31 July, 2015

Doing Good and Doing Better

Shopping for Fairtrade
by Barbara Crowther, Director of Communications, Fairtrade Foundation

Ahead of the release of a new book arguing that trickle down economics are the 'only' way to solve poverty, Barbara Crowther tackles some common Fairtrade misconceptions.

What does more good:

A)     Giving money to a disaster relief charity?

B)      Buying Fairtrade goods?

C)      Working in a City Bank?

This was the question posed in the Sunday Times Culture magazine this week, and according to William MacAskill, the author of forthcoming book Doing Good Better, the shocking answer is, apparently C - to get the best-paid job you can and then give a little bit of your amassed wealth to a small but effective charity. And there was me thinking that trickle-down economics had died alongside the King of Rock and Roll…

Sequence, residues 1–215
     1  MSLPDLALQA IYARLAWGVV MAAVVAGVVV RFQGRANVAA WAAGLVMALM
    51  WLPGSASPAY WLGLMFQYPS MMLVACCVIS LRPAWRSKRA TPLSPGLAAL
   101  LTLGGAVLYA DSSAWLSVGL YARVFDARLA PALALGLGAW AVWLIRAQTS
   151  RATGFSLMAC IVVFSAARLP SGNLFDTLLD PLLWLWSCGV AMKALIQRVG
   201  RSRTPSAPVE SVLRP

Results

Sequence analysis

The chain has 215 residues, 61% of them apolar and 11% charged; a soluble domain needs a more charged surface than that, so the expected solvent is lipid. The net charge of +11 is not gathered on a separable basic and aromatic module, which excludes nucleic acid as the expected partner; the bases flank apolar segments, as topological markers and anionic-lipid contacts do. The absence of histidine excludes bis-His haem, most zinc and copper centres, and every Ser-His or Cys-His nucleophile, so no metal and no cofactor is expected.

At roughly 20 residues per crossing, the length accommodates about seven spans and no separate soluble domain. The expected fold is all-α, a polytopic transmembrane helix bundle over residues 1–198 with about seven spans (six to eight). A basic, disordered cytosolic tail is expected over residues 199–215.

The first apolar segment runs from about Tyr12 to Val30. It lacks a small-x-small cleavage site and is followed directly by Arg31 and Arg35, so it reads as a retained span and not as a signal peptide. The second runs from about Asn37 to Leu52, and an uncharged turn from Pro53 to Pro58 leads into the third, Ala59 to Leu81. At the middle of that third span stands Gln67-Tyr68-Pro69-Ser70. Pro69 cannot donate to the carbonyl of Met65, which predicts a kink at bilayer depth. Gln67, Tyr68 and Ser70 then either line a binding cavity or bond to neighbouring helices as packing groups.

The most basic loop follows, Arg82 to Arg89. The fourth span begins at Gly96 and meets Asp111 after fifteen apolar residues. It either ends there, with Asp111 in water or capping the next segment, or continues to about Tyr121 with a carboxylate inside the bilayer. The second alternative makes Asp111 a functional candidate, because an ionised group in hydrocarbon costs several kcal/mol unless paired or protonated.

I haven’t yet read the whole book, but I certainly welcome the debate. Anyone who triggers dinner table conversations about good and better ways to tackle poverty, and how to live an ethical lifestyle, is OK by me. Clearly I’m not going to agree with everything MacAskill has to say, and what has so far been reported on his views on Fairtrade don’t appear to be well grounded when it comes to the facts.

But when MacAskill argues that boycotting sweatshops in Bangladesh is misguided, I’m inclined to agree – Fairtrade has always been about trying to improve conditions in exploited labour situations, rather than walking away from them. A kneejerk abandonment of such places is likely to result in the workers, especially women and young people, being pushed further underground into even more dangerous and demeaning work.